This is a great son record by the Acapulco-based band led by percussionist Lobo and singer Melón. Lots of solid short cuts with plenty of percussion. For some reason, there is some line noise here that was actually recorded onto the album and never lets up, but the recording was good enough that I decided to post it anyways.

Wednesday, October 27, 2010

George M'lely: Trio, 1981

On this album, pianist George M'lely's trio is made up of Peter Barshay on bass and Eddie Moore on drums. Most of the compositions are by M'lely, and the whole band shows a real competence in playing them. They manage to keep it straight ahead but their playing, especially M'lely's, is pretty unique. The album was released on the label Alternatives in American Music, which seems to have only released M'lely's music. From what I can gather on M'lely, he was enjoying a reasonable amount of success in the early 80's but stopped playing professionally in 83, not making his comeback until the early 2000's. Trio was recorded in the bay area, but M'lely now lives in Hawai'i.

An April Piece by Easyjams

The Silvertones: Don't Cry, 1972

This great 7" inch comes out of Studio One. It features a warm, full horn section and smooth harmony singing. Part 1 on the A side seems more like a radio vocal mix and the B side mix is more instrumental, with the vocals cut out at points.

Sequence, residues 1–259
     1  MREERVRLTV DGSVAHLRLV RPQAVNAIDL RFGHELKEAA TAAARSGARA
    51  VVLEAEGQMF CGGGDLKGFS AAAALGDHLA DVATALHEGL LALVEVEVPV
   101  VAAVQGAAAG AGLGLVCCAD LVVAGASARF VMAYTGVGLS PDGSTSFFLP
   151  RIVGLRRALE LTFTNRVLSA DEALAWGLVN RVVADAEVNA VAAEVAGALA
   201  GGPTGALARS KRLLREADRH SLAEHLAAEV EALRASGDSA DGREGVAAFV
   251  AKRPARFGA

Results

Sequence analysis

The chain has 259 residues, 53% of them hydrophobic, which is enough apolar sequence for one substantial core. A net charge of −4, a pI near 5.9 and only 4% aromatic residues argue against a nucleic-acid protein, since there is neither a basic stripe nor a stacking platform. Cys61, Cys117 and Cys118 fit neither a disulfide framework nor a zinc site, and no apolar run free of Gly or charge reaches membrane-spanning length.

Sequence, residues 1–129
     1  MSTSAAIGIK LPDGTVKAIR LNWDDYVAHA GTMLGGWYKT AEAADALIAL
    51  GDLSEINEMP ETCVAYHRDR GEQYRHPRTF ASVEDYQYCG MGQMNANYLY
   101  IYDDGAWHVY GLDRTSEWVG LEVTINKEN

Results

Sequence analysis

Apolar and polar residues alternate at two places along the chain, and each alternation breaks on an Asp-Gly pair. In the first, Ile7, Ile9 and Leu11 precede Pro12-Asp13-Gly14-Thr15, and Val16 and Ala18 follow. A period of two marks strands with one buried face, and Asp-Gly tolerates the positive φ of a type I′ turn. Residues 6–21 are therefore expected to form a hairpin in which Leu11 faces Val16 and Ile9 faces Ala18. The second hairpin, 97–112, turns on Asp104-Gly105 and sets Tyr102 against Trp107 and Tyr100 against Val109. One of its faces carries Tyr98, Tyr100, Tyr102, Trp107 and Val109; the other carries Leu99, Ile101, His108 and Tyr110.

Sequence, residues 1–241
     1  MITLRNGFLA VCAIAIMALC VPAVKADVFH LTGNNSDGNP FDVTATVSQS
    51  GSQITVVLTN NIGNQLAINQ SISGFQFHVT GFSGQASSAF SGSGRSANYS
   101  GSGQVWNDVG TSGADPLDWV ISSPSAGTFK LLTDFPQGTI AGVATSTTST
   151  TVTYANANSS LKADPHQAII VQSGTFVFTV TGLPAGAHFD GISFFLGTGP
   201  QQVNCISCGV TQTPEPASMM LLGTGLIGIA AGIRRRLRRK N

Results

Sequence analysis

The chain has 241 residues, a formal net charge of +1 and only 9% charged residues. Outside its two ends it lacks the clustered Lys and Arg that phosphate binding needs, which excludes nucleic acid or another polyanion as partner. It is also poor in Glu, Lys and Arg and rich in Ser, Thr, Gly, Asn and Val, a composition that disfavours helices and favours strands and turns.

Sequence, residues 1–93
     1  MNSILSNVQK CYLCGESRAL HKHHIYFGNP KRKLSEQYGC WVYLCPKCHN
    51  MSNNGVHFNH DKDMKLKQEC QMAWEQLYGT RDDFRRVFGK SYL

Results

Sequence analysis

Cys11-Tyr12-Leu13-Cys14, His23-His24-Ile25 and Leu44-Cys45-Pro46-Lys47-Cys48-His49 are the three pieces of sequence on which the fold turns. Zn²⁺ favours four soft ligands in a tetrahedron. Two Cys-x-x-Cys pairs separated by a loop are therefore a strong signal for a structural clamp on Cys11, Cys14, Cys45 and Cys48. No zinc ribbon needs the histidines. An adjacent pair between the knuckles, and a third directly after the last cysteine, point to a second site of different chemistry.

Don't Cry (Part 1) by Easyjams

Thursday, October 7, 2010

Ray Sylvester Orchestra: My Elusive Dreams, 1976

Impressive big band music from Trinidad bandleader Ray Sylvester. Mostly slower romantic songs, but there are a couple upbeat ones in there as well. He mixes in a lot of different genres including calypso, salsa, and of course the classic big band sound, but his style is really unique. Not a lot of solos, but the arrangements and execution are great. This is the band's fourth album, arranged by Art de Coteau and produced by Max Serrao. I was not able to find much information on Sylvester other than that moved to Trinidad from Grenada as a young child, that his band was the resident band at a nightclub in Port-of-Spain, and that he died in 2002. No last names were listed in the musician credits, but here's what they gave us:

Timbales: Ronnie
Percussion: Felix, Bobby
Congas: Cummings
Drums: Keith
Organ: Davy
Bass: Winston
Tenor sax: Bert
Alto sax: Mackie
Trumpets: Joe, Granger, Guerra
Trombone: John
Guitar: Cito

Endless Vibes by Easyjams

Friday, September 24, 2010

Linc Chamberland and David Friesen: Yet to Come, 1981